Support The Moscow Times!

Russian Airlines Fly 1.4 Million Fewer People Abroad as Weak Ruble Hits Demand

Even as international flights slimmed, however, domestic flights grew rapidly.

Russian airlines flew 15.6 percent fewer passengers on international flights in the first quarter of this year as demand plummeted due to a sharp devaluation of the ruble, according to data published Wednesday by Russia's Federal Air Transportation Agency.

In the first three months of this year 7.4 million passengers flew with Russian airlines on international routes, down from 8.8 million in the same period last year, the data showed.

Carriers have been hit hard by the decline in the value of the ruble, which makes trips abroad more expensive for Russians. The ruble has fallen around 40 percent to the U.S. dollar since the start of last year as Russia's economy weakens due to falling oil prices and Western sanctions over Moscow's actions in Ukraine.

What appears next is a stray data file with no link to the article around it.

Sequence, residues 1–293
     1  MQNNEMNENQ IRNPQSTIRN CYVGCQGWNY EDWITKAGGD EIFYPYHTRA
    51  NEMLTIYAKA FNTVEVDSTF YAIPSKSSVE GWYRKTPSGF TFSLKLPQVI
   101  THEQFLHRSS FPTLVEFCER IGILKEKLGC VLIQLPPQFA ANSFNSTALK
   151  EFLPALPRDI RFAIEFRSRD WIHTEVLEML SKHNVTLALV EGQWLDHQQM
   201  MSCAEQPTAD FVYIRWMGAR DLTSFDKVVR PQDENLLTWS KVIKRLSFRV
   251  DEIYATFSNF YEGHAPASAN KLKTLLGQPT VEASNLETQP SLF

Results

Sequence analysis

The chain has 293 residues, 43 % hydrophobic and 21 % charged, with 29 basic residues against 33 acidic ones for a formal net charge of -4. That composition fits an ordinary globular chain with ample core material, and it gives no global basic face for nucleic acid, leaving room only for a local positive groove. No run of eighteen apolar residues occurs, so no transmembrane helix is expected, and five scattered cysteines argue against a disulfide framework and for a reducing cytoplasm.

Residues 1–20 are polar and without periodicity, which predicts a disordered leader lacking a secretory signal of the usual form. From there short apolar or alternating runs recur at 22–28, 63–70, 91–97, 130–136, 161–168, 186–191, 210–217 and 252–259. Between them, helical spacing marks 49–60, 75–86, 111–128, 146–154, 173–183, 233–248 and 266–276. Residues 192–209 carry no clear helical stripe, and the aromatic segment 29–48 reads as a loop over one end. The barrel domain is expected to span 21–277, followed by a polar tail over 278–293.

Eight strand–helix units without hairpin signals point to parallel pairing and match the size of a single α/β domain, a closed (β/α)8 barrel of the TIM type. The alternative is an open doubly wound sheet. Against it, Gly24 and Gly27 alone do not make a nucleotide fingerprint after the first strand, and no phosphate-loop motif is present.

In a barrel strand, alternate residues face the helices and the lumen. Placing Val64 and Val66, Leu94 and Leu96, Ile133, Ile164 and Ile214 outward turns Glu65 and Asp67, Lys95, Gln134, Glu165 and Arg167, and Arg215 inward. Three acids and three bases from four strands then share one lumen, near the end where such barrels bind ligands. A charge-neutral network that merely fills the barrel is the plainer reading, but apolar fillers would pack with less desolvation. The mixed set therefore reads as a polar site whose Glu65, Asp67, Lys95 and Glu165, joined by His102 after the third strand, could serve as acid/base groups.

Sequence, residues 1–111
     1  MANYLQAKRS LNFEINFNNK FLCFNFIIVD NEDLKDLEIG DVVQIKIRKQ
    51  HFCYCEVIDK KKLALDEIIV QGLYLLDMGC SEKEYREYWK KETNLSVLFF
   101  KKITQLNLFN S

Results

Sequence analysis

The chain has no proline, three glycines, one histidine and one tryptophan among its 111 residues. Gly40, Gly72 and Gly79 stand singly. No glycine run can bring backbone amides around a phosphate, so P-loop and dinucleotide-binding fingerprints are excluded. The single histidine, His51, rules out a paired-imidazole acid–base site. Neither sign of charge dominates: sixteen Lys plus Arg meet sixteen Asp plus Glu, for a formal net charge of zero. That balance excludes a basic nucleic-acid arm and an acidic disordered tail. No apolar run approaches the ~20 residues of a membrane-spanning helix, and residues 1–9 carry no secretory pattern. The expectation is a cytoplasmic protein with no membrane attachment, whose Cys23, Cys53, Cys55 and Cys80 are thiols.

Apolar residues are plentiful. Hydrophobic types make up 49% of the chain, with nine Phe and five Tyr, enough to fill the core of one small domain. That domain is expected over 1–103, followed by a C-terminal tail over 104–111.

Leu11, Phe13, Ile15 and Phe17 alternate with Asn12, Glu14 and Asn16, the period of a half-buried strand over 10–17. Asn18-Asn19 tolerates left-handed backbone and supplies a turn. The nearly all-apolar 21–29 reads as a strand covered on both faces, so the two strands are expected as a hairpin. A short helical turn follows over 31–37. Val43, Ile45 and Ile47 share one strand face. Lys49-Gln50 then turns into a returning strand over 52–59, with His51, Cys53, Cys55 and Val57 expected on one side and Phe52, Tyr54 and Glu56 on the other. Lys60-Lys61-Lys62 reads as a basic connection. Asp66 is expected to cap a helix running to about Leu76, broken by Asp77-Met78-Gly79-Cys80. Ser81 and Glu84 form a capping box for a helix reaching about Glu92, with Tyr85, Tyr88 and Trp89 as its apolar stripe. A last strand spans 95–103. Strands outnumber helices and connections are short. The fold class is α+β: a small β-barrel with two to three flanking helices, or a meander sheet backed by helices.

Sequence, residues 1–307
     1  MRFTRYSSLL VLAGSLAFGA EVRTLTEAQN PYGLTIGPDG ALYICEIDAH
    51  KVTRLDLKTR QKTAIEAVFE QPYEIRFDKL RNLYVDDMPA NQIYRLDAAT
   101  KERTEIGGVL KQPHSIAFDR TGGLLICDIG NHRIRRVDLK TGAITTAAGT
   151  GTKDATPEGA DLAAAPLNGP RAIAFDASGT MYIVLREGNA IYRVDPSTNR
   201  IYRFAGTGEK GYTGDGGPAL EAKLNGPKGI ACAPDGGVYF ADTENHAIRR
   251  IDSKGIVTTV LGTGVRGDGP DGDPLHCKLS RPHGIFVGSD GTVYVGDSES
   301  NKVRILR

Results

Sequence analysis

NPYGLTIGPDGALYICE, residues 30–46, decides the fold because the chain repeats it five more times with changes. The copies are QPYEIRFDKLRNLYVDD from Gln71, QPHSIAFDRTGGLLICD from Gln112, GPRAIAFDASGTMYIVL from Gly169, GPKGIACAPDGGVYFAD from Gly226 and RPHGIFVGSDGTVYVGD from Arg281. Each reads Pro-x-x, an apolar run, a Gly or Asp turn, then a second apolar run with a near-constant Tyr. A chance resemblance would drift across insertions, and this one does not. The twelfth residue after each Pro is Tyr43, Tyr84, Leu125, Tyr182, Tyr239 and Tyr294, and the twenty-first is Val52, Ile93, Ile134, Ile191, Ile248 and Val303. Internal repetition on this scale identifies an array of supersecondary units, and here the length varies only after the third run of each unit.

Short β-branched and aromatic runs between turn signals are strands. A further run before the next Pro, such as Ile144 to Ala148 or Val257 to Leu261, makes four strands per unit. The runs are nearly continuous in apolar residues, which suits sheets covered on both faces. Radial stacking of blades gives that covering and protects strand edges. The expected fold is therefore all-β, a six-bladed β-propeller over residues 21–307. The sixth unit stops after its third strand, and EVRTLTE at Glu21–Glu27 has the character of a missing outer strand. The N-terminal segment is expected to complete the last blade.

International carriers have also cut sharply the number of flights in and out of Russia. U.S. carrier Delta announced earlier in April that it would suspend its New York to Sheremetyevo route this winter, while a host of other airlines, including British budget carrier EasyJet, have reduced or cut services.

Even as international flights slimmed, however, domestic flights grew rapidly. Russian airlines flew 9.6 million people on internal flights in the first quarter, up 11.4 percent from the first three months of 2014, the Federal Air Transportation Agency said.

Domestic destinations are benefiting from the ruble's fall — with trips abroad becoming so expensive, tourism agencies have reported increasing desire among Russians to explore their own country.

Read more

Independent journalism isn’t dead. You can help keep it alive.

As the only remaining independent, English-language news source reporting from Russia, The Moscow Times plays a critical role in connecting Russia to the world.

Editorial decisions are made entirely by journalists in our newsroom, who adhere to the highest ethical standards. We fearlessly cover issues that are often considered off-limits or taboo in Russia, from domestic violence and LGBT issues to the climate crisis and a secretive nuclear blast that exposed unknowing doctors to radiation.

Please consider making a one-time donation — or better still a recurring donation — to The Moscow Times to help us continue producing vital, high-quality journalism about the world's largest country.